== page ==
On day 21, the partial federal government shutdown is now tied for the longest on record. Unless there’s a breakthrough in negotiations—and the planned White House roundtable on “border security and safe communities” set for Friday, as the Associated Press reports, makes that sound unlikely—the impasse looks likely to continue. So do the pain and problems that result.
Friday marks the first paycheck 800,000 workers won’t see and it’s hitting workers hard. One worker facing an unsympathetic landlord told the New York Post, “I just cross my fingers and pray to God that this will be over and my life can go back.” Some are selling household items to make ends meet. Congress has indicated that it will provide back pay, but the money is needed now.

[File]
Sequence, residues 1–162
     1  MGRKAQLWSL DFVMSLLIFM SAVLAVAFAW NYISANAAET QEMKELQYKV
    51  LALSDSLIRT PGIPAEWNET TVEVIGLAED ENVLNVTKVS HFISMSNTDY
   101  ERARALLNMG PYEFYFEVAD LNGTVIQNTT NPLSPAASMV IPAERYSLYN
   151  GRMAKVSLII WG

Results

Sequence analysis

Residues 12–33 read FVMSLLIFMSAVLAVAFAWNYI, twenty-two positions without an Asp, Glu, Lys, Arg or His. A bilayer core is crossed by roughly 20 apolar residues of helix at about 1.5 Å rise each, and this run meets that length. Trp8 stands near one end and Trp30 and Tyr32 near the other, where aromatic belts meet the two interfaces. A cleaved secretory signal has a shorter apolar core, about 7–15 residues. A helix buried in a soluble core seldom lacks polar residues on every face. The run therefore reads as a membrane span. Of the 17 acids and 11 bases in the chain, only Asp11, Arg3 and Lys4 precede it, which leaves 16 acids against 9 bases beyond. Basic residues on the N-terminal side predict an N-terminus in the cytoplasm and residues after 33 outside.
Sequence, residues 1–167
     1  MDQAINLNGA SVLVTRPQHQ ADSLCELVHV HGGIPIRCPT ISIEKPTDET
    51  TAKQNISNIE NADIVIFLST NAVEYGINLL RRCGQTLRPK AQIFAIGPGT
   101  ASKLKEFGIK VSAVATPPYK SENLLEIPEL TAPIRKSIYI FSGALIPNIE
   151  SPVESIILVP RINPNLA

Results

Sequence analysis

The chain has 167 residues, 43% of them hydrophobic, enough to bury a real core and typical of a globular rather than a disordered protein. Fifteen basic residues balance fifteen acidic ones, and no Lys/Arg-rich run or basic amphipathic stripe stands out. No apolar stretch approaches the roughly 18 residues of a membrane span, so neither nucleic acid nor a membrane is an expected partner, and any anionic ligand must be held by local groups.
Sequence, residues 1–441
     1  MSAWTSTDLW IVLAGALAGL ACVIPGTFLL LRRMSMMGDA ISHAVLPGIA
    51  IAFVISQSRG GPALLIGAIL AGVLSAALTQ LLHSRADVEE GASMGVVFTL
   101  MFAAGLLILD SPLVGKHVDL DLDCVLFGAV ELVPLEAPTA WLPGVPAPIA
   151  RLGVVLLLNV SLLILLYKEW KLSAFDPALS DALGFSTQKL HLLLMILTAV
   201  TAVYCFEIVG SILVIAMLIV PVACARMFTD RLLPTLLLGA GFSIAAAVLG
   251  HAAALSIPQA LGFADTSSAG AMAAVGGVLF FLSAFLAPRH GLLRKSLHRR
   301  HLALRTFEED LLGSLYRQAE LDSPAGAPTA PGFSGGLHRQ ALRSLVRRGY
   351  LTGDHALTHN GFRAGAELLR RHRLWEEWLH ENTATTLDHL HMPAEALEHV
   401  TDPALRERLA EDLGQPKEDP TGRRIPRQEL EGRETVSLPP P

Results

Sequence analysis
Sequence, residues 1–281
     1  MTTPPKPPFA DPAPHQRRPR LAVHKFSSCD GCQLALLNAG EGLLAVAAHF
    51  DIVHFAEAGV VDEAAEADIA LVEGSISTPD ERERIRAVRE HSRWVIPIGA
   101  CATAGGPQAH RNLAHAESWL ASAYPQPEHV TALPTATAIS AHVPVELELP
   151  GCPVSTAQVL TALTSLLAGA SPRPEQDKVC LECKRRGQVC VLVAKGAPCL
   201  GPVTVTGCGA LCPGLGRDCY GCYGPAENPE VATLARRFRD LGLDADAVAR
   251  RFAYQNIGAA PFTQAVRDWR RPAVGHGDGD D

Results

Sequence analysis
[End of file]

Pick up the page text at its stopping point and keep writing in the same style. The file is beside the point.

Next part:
Beyond federal workers, there are many other impacts. Many consumers can’t get mortgages approved and companies cannot file the paperwork to go public and raise money. The shutdown could stall critical trade talks with China. A group of FBI agents warned that another victim could be law enforcement, a purported reason for the administration’s insistence on a longer border wall, the Washington Post further reported. Financial hardships could actually endanger security clearances.
Donald Trump has threatened a national emergency declaration and perhaps the diversion of disaster relief funds to construction of a wall that can be cut with hand tools. But any such move will likely face a legal challenge from Democrats and still won’t solve the shutdown unless Trump signs a funding bill.
The ultimate impact on the economy could be a staggering $13 billion a month, or $430 million a day, if an analysis by investment website The Motley Fool is correct.